As a dietitian I am asked constantly what my stance is on taking multivitamins and my reply is pretty much always the same.. unless you know you are deficient in something or are unable to eat a healthy balanced diet (which contains all the vitamins and minerals that your body needs) there is really no point in taking daily multivitamins! Why spend money on something which your body is probably only going to excrete if it is already receiving all those essential vitamins and minerals from your diet?
If however, you have been tested to be deficient in any vitamins and minerals you should speak to your GP or a dietitian about how to rectify your deficiency. Another exemption to the rule is vitamin D which I will explain in more detail in a sec.
To prove my point that your daily dose of vitamins can be obtained through your diet I decided to give you all a quick overview of where you can find most of your major vitamins and minerals from food. I am also going to include what their major functions are and what can happen if you aren’t eating enough of the right foods.
Food sources: Liver, fish, eggs, dairy products, yellow/orange/red and dark leafy green vegetables (eg apricots, sweet potato, mangoes, carrots, spinach, watercress)
Why do we need it? Vitamin A is essential to maintaining the integrity of our skin, eyes, and gastrointestinal systems and respiratory tracts.
What happens when we don’t have enough? A deficiency in vitamin A can lead to the development of cataracts and syndrome common amongst the elderly known as Xeropthalmia which results in “dry eyes” and eventually blindness. Being deficient in vitamin A may also cause your skin to lose integrity becoming dry and scaly and you may also become more susceptible to infections.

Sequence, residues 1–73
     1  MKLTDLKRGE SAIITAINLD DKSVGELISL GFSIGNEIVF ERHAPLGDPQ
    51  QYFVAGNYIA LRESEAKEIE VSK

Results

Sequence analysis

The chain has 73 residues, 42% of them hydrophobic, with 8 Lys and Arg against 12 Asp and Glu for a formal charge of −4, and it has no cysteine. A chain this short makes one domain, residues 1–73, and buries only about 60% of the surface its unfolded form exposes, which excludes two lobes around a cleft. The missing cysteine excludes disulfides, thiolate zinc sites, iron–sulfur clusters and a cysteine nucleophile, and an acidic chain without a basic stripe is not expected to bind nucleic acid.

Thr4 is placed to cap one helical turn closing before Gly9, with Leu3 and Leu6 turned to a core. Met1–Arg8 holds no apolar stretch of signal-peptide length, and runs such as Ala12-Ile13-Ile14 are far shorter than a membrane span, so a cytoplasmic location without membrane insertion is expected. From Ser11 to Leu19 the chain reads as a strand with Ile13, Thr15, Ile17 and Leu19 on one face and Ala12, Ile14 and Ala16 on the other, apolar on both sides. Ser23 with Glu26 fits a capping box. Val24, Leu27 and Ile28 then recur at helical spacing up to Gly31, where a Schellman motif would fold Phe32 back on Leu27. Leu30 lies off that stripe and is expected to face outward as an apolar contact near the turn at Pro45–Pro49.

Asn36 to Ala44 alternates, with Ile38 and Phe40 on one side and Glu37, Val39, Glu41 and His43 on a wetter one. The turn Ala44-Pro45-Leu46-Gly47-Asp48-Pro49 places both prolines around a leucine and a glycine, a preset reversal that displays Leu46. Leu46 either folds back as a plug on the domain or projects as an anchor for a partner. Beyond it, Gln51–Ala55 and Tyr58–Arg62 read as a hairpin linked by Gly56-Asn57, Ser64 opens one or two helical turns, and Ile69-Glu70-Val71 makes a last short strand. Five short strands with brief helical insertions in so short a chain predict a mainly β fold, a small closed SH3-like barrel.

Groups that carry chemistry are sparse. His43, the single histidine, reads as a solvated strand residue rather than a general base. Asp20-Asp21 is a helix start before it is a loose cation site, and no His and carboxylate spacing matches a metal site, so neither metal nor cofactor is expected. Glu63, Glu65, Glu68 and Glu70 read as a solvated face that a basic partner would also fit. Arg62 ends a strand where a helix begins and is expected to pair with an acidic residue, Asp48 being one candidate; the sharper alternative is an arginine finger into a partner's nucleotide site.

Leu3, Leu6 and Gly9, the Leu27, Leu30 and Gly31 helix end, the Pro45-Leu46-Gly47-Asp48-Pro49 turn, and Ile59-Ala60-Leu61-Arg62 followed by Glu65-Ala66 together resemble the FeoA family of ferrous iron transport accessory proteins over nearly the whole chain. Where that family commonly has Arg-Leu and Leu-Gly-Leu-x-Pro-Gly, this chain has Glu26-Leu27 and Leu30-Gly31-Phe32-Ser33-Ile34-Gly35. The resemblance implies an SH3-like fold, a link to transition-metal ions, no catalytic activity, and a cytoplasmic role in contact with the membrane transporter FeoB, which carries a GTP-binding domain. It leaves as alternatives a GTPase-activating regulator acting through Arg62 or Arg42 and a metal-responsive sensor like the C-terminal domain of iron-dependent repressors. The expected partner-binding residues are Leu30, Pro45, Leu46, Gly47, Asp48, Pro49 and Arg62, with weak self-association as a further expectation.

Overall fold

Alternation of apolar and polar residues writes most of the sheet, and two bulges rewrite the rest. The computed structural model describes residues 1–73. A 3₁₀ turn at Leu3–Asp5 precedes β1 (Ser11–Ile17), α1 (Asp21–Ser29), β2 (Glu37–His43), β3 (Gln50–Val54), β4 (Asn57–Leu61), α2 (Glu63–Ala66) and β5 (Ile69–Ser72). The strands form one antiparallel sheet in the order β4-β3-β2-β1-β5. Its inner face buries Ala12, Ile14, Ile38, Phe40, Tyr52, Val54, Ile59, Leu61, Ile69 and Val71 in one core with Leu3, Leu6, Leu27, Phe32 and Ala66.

Food sources: liver, heart, kidney, meat, poultry, fish, milk, cheese, fortified breakfast cereals
Why do we need it? Important for energy production, maintaining a healthy nervous system and in the regeneration of our red blood cells.
What happens when we don’t have enough? Deficiencies can lead to anemia, lethargy and nerve problems. Deficiencies in vitamin B12 are quite common in the elderly due to changes in our diets and also our body’s ability to absorb it from the protein sources in our diets. It is therefore, recommended that anyone over the age of 50 ensures that they include foods in their diets that are fortified with vitB12 such as breakfast cereals or take supplements, as this form of VitB12 is more easily absorbed.
Food Sources: Citrus fruits, blackcurrants, strawberries, kiwi fruit, papaya, red chillies, broccoli, watercress, parsley, green leafy vegetables, red and green peppers.
Why do we need it? Vitamin C has many important roles in our bodies and is required for healthy skin, bones, teeth, cartilage and blood vessels. It helps promote healing, aids in the absorption of iron, helps reduce inflammatory responses and is a very powerful antioxidant!
What happens if we don’t get enough? We can’t store large amounts of vitamin C in our bodies, so if we don’t consume enough through our diets we leave ourselves at risk of muscle cramps, bruising, anaemia, infections, slow healing, dry skin and splitting hair.
Food Sources: minimal amounts are found in oily fish, milk, butter, fortified margarines, egg yolk and fish oils. NB: Most of the Vitamin D we need is produced in our skin and is converted to an active form by our kidneys upon exposure to sunlight.
Why do we need it? Vitamin D plays a vital role in calcium absorption in our bodies and therefore is essential for healthy bones and teeth and preventing osteoarthritis/osteoporosis.